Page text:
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Sidney Powell's 'Kraken' lawsuits defeated in Georgia and Michigan

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'The plaintiffs simply do not having standing to bring these claims'

Sarah Silbiger for The Washington Post via Getty Images

A federal judge on Monday dismissed the "Kraken" election fraud lawsuit filed in Georgia by attorney Sidney Powell, who sought to decertify the Georgia presidential election results declaring former Vice President Joe Biden the winner.

Judge Timothy Batten of the U.S. District Court for the Northern District of Georgia listened to arguments for a little more than an hour before ruling from the bench to grant a motion to dismiss from lawyers for the state of Georgia, WSB-TV reported. He said that this sort of case belongs in state court, not federal court, that the plaintiffs lacked standing, and that Powell waited too long to file her complaint about Dominion Voting Systems machines.

"The courts have convincingly held that these types of cases are not properly before federal courts. These are state elections. State courts should evaluate these proceedings from start to finish," Batten said.

"Moreover, the plaintiffs simply do not having standing to bring these claims," he added.

"Additionally, I find that the plaintiffs waited too long to file this suit," Batten said. "Their primary complaint involves the Dominion ballot marking devices. They say those machines are susceptible to fraud. There is no reason they could not have followed the administrative procedure act to the rule-making authority that had been exercised by the Secretary of State."

"This suit could have been filed months ago at the time these machines were adopted," Batten concluded. "Instead the plaintiffs waited until over three weeks after the election to file the suit. There's no question in my mind that if I were to deny the motion to dismiss, the matter would be brought before the 11th Circuit, and the 11th Circuit would reverse me."

Powell in recent weeks claimed that her "massive" lawsuit would "save" the Trump presidency by uncovering evidence of a widespread conspiracy to commit election fraud in the 2020 presidential election. She alleged, among several other claims, that international and domestic persons used Dominion Voting Systems, the company that manufactures the voting machines in Georgia, to fix the election by switching votes for Trump to Biden.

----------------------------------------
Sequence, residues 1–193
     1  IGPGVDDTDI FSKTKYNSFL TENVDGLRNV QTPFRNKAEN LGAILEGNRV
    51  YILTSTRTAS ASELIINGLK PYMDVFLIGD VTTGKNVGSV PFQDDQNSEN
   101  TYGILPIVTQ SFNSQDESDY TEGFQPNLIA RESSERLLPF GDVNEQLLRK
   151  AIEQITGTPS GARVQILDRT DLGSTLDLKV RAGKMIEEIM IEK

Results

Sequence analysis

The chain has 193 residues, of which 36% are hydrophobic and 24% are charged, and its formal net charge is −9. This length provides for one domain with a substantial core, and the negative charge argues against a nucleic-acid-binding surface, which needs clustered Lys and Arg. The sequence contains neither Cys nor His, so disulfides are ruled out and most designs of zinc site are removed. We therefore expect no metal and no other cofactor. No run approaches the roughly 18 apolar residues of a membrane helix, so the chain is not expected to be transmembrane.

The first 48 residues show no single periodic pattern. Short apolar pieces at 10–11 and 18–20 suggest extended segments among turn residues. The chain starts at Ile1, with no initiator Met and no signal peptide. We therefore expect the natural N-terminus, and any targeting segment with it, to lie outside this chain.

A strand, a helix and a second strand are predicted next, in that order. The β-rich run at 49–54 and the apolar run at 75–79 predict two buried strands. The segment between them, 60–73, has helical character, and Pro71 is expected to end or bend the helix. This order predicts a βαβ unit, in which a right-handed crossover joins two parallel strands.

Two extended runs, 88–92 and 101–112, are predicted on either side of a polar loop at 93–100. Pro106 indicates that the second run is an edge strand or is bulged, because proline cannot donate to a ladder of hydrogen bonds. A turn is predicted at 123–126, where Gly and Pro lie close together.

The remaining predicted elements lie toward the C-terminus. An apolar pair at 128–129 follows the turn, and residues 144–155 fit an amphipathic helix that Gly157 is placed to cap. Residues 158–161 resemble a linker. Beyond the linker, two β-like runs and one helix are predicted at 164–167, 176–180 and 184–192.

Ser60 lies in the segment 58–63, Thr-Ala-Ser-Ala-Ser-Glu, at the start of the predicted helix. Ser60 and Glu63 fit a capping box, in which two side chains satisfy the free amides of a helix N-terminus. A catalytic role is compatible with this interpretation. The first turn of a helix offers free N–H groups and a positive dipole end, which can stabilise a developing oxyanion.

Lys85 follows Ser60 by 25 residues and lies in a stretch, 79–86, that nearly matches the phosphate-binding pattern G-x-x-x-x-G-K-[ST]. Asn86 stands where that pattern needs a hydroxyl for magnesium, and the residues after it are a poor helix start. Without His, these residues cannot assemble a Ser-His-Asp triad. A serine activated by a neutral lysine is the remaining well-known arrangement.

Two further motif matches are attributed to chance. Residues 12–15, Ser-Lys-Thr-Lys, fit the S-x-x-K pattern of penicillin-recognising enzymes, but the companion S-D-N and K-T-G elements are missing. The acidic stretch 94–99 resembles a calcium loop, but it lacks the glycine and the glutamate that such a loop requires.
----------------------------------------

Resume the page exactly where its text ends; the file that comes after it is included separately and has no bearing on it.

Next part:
In arguing to have the case dismissed, the defendants pointed out that Georgia has certified its election results three times: Once after the first count, a second time in a hand-counted audit of the 5 million ballots cast, and a third recount that confirmed the results from the previous two.

Georgia Secretary of State Brad Raffensperger said Monday that he will recertify the state election results, confirming that Joe Biden won Georgia by roughly 12,000 votes.

"Today the Secretary of State's office will be re-certifying our state's election results," Raffensperger said. "Then the safe harbor under the United States Code to name electors is tomorrow, and then they will meet on December 14th to officially elect the next president."

Additionally, a federal judge in Michigan denied an emergency request filed by Powell to overturn the election in that state, making similar arguments about the timing of Powell's lawsuit and the complaint being moot and adding that the court lacks the power to overturn an election.

"Plaintiffs ask this court to ignore the orderly statutory scheme established to challenge elections and to ignore the will of millions of voters," U.S. District Judge Linda Parker wrote in her 36-page opinion. "This, the Court cannot, and will not, do."

Parker also said that "the ship has sailed" on this case and that the lawsuit was filed too late.

"Plaintiffs could have lodged their constitutional challenges much sooner than they did, and certainly not three weeks after Election Day and one week after certification of almost three million votes," Parker wrote.

She also criticized the allegations of fraud made in Powell's affidavits as "an amalgamation of theories, conjecture, and speculation that such alterations were possible" (emphasis hers).

"With nothing but speculation and conjecture that votes for President Trump were destroyed, discarded or switched to votes for Vice President Biden, plaintiffs' equal protection claim fails," her opinion stated.

On Nov. 22 before this lawsuit was filed, President Trump's legal team distanced itself from Powell in a statement making clear that she "is practicing law on her own" and "is not a member of the Trump legal team," despite the fact that she appeared with Trump's personal attorney Rudy Giuliani in a press conference just days earlier.

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